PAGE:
Planet Alzheimer’s


images-1How many of you have struggled with Alzheimer’s in a parent or spouse?

I know, from my own journey with my mother, that it can be a horrific experience watching a vibrant and capable human disappear, day by day, before your eyes.

Equally painful is the sense of helplessness … the uncertainty as to how to care for and comfort someone whose emotional and intellectual needs vary from day to day … whose behavior shows no discernible pattern or logic… who “acts out” for no identifiable reason.

Thus, it was reassuring to learn, at a recent seminar in Des Moines as part of the “Embrace Aging” series, that it is possible to make everyday life quite manageable for both dementia victims and their caregivers.

The presenter was Chuck Wurth, a Managing Partner of several retirement communities in the Midwest designed specifically for dementia patients

Living in The Eternal Present

According to Wurth, the loss of memory causes its victims to live in an increasingly eternal present.  As a result, they lose the learned knowledge of cause-and-effect … the memory function that tells us what steps to take to achieve the outcome we want. For example, a dementia patient who is cold may no longer make the connection between getting warm and putting on a sweater or turning up the thermostat.

According to Wurth, dementia patients typically “act out” because they don’t know how to express their needs and/or what to do about it. In his view, meeting the needs of Alzheimer’s patients can be pretty easy … but only if you can figure out what that unmet need actually is.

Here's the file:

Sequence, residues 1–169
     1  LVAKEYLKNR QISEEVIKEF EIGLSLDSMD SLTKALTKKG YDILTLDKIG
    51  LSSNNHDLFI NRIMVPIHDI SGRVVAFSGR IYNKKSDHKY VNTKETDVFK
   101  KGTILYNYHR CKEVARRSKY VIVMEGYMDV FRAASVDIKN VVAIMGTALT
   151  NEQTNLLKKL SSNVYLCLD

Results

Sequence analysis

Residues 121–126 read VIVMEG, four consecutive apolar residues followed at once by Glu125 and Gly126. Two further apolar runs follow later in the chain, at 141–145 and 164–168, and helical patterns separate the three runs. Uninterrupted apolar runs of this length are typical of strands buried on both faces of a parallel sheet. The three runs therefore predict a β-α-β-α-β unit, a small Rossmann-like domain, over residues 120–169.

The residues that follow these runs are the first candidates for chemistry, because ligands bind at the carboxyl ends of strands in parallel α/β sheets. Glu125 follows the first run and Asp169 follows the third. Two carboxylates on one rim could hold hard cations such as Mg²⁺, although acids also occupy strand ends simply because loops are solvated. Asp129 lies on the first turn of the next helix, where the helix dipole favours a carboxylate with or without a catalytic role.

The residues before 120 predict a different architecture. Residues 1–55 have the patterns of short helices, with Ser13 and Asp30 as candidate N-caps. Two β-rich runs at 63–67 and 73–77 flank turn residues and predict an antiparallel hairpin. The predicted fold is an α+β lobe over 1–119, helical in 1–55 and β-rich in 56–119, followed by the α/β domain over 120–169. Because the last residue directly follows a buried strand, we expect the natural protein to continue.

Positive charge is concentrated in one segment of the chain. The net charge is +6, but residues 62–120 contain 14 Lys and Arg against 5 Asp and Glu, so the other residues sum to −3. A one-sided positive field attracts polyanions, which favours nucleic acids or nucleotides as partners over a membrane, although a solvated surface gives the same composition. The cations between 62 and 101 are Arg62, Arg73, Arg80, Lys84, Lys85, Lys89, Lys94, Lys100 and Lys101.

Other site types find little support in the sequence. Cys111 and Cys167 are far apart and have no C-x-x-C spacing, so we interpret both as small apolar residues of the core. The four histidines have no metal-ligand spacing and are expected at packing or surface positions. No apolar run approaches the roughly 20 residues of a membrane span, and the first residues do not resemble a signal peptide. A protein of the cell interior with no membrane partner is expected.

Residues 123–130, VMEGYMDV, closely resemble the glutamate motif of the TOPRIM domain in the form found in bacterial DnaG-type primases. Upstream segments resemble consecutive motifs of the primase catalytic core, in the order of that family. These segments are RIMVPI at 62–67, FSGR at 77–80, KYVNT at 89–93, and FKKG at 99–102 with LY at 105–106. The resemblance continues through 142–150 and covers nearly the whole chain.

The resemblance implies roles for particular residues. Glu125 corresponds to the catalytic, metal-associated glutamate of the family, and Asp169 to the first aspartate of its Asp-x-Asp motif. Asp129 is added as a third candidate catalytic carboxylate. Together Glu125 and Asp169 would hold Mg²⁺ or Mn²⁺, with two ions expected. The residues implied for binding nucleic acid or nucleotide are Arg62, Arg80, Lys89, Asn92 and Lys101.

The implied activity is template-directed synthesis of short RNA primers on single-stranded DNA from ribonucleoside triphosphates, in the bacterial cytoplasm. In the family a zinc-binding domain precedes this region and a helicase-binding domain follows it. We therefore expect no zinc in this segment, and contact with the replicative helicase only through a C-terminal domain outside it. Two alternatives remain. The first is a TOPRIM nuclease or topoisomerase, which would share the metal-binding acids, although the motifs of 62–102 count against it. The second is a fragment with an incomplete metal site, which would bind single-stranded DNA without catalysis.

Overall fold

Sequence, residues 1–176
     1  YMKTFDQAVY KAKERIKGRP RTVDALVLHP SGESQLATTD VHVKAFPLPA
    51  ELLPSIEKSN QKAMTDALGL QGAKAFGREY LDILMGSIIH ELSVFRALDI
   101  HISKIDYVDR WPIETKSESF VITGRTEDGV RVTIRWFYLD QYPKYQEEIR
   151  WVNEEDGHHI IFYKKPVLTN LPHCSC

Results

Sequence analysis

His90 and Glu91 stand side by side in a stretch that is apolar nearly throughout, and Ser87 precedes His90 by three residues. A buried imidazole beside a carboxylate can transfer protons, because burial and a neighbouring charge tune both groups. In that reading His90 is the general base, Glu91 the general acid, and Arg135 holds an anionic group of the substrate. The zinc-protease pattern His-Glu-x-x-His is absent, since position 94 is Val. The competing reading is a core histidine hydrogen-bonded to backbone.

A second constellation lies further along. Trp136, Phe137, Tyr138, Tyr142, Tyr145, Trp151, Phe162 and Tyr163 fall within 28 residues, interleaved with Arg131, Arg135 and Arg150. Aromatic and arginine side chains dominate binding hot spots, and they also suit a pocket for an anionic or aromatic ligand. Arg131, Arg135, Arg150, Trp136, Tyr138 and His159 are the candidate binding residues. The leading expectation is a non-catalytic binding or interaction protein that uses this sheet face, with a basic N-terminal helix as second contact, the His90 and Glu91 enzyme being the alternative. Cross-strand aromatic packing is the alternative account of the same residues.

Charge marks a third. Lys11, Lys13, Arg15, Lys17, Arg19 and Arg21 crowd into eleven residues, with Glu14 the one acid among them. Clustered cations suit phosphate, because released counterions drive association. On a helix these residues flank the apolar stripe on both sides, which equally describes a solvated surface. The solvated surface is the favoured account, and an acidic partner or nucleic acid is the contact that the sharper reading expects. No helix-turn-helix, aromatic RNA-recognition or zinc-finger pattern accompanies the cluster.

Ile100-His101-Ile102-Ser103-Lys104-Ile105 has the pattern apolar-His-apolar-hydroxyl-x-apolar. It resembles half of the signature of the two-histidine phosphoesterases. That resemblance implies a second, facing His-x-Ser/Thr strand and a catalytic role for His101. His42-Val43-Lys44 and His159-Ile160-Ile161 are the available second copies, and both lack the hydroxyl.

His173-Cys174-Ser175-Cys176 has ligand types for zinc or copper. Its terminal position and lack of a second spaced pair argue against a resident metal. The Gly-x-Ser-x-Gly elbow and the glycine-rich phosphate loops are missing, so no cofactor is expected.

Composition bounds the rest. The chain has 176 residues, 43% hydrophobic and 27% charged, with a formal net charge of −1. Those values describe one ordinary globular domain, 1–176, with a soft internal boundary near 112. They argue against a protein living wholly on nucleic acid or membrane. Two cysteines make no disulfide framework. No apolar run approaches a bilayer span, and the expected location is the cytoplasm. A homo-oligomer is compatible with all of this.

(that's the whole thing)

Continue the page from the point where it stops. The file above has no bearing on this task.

One approach that Wurth suggested was to take the time … often significant amounts of time … to actually talk to the patient. He offered four checklists—medical, physical, social, and “caregiving”— to prompt specific questions you should to ask in order to discern what the patient needs. “How are you feeling today” just isn’t going to get you the information you need.

Rules of Planet Alzheimer’s

Wurth also believes that the social and caregiving needs of an Alzheimer’s victim are as important as the medical and physical ones: loss of memory does not eradicate the need to be accepted, respected and loved.

Wurth praises the approach developed by Candace Stewart in Welcome to Planet Alzheimer’s.  Stewart uses the metaphor of a different planet, where the language and the rules are different from our everyday world. To communicate with an Alzheimer’s victim, you need to learn their rules:

  • You are not who YOU think you are — you are who THEY think you are
  • Logic and reason do not exist … follow the rules of improvisation and go with the flow
  • Nothing is gained by arguing
  • YOUR truth and THEIR truth are very different … accepting their truth is not the same as lying
  • Never take anything personally
  • Have no expectations
  • Take advantage of the shuttle back to earth at all times … you need to have your needs met as well.

To me, the rules of Planet Alzheimer’s sounded much like interacting with a young child.  According to Wurth, however, you cannot treat dementia  victims like children. They are adults with adult needs, but adults who are have forgotten many of the lessons they once learned.

Wurth insists that caregiving for a friend or family member with dementia can be a rewarding experience—but it takes a very different kind of patience … and a frequent return to the metaphorical planet earth.

If you would like to download Wurth’s four checklists, click here.


  1. Terrific post, Mary!
    I never thought about it this way before, but Planet Alzheimer’s is a perfect way to think about it.